Many nonprofits contract with third party vendors to provide services essential to their operation as a business. These services run the gamut and typically include services such as janitorial, technological systems, building contractors, and transportation providers or something occasional like a bounce house provider for your fundraiser. A key to evaluating the risks of your nonprofit’s operation is to assess responsibility for liabilities that may arise in the provision of services by third parties. For example, who is responsible for physical injuries to a janitor? Or for replacing a window broken by the building contractor? What about for a serious vehicular accident involving your transportation provider and your clients, or an injury to a participant if the bounce house is defective?
The key component in your nonprofit’s risk management plan is to make sure that your nonprofit has appropriate and adequate insurance to cover all its operations. Additionally, in your agreements with vendors, it is essential to require that they are legally responsible for any claims or damages arising out of the work they perform. Vendors can be held legally responsible by way of an indemnification agreement in the contract for their services. The contract should also specify which type of insurance they must maintain and require that they provide satisfactory proof of insurance. For example, you would want to make sure that a transportation service has general liability, workers’ compensation and sufficient auto insurance coverage to address any potential losses.
An indemnity agreement is a contractual promise by which one person or entity accepts full legal responsibility for losses related to certain specified activities. So if there is a claim or lawsuit arising from an injury or loss as a result of the vendor’s activity, the vendor, typically through their insurance carrier, is responsible for any damages or liability, typically including attorney’s fees. Indemnity agreements are an effective tool for transferring the risk associated with a particular activity and establishing clear responsibility in the event of a loss, and are strongly recommended to be in all of your contracts with third party vendors.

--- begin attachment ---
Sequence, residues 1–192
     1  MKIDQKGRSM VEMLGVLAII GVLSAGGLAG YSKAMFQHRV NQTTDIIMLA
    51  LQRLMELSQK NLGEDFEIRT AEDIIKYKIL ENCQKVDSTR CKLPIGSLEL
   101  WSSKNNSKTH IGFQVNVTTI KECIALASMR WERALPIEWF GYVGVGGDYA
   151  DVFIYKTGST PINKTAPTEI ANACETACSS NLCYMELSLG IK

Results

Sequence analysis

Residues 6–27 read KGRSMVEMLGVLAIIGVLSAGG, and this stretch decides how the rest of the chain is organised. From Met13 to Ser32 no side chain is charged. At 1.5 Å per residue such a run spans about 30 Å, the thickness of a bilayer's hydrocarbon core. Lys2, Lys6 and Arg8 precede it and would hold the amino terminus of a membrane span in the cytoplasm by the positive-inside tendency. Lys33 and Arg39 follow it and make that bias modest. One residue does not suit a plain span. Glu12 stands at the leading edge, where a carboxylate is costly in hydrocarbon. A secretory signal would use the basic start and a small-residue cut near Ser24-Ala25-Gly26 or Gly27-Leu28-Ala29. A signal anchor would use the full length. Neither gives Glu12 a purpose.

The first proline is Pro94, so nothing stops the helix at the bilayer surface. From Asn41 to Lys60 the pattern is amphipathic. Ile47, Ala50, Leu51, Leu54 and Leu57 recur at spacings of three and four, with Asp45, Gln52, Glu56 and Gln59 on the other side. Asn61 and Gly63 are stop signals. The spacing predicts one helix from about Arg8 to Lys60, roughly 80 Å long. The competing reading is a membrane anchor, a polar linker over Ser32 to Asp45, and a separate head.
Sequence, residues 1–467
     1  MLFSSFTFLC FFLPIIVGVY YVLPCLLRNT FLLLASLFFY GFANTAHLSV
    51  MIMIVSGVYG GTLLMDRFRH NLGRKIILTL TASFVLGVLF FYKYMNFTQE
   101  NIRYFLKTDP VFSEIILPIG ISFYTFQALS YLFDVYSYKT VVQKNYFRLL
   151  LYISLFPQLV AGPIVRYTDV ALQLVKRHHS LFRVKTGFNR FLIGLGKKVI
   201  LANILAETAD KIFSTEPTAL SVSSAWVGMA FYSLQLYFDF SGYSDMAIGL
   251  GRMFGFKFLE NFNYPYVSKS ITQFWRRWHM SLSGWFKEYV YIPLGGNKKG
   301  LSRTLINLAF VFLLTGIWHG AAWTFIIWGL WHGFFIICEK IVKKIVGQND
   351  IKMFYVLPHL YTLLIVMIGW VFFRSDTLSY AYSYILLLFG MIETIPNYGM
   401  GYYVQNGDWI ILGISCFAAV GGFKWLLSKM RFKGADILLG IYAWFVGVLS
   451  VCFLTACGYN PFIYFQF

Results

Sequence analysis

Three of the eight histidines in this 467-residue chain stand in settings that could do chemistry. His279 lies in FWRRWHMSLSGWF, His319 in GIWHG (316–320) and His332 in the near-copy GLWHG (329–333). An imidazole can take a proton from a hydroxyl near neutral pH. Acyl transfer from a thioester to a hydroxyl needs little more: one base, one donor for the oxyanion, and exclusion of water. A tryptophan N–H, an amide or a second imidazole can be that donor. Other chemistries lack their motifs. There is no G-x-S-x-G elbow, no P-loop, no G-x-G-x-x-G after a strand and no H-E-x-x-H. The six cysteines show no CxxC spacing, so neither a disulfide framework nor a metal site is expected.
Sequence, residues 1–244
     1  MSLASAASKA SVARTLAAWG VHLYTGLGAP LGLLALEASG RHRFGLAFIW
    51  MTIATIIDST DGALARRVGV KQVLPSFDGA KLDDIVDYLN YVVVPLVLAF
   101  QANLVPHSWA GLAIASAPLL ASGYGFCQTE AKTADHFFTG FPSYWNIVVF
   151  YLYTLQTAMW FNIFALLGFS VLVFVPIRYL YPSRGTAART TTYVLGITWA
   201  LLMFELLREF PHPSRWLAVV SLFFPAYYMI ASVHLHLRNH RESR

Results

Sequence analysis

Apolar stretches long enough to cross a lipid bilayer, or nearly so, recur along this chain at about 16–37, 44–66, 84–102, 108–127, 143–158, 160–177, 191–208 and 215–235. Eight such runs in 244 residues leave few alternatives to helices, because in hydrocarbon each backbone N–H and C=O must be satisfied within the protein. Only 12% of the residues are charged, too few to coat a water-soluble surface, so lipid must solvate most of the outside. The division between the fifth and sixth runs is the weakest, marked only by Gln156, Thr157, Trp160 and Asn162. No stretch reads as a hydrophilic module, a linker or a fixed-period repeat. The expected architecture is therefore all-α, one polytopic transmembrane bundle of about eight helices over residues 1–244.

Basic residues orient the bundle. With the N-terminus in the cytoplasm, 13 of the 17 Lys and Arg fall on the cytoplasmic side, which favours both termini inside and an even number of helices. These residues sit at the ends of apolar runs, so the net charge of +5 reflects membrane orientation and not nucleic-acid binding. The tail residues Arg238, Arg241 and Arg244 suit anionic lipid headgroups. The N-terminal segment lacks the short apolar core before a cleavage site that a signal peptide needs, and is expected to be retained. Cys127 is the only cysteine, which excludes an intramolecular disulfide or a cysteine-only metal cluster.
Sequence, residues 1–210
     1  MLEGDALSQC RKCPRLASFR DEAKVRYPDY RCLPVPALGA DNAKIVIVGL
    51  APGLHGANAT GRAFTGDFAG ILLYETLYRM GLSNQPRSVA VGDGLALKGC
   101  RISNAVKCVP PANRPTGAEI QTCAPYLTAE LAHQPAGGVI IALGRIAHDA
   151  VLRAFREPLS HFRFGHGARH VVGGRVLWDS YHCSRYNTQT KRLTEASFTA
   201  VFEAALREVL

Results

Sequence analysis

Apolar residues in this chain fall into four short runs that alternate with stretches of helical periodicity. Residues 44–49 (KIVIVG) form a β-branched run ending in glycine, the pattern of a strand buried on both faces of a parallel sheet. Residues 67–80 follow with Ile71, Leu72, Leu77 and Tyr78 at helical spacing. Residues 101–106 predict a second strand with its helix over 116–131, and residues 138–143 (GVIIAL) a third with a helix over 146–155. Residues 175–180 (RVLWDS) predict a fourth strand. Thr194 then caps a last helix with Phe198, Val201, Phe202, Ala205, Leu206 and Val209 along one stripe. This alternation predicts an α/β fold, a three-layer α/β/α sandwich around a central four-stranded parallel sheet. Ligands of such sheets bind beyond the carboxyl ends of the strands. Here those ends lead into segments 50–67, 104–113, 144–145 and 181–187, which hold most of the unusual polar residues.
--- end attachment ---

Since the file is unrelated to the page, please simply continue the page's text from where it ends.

It’s also important to review all your nonprofit’s contracts with funders, typically governmental entities, for programs such as counseling, after-school care, education and outreach or job training. It is critical to evaluate the scope of any indemnification agreements in these program contracts whereby your nonprofit is accepting the risk of any losses in the operation of the program. These indemnification agreements are transferring what can be a substantial monetary liability to your nonprofit which should be evaluated before you sign the contract and discussed with your insurance broker to confirm that adequate insurance coverage is in place to address this additional risk. One of our nonprofit members is currently faced with a claim exceeding 2 million dollars because it agreed to an indemnification clause providing the “broadest possible coverage” to a county, even though the damages were primarily related to negligence by county workers. Nonprofits should review these indemnification agreements and negotiate the terms with their funders if they attempt to transfer a risk that is unacceptable or beyond the ability of your nonprofit to mitigate or control.
If your nonprofit is not a member of the Nonprofits Insurance Alliance and you’d like to learn more about joining our community, check out our list of coverages and other benefits of membership. You can also send an email to email@example.com.
All members have unlimited access to risk management and loss control consultations, and those members with Directors & Officers coverage (who also have employees) have access to unlimited consultations with our Labor & Employment Risk Managers (LERMS) on issues such as HR, labor and employment.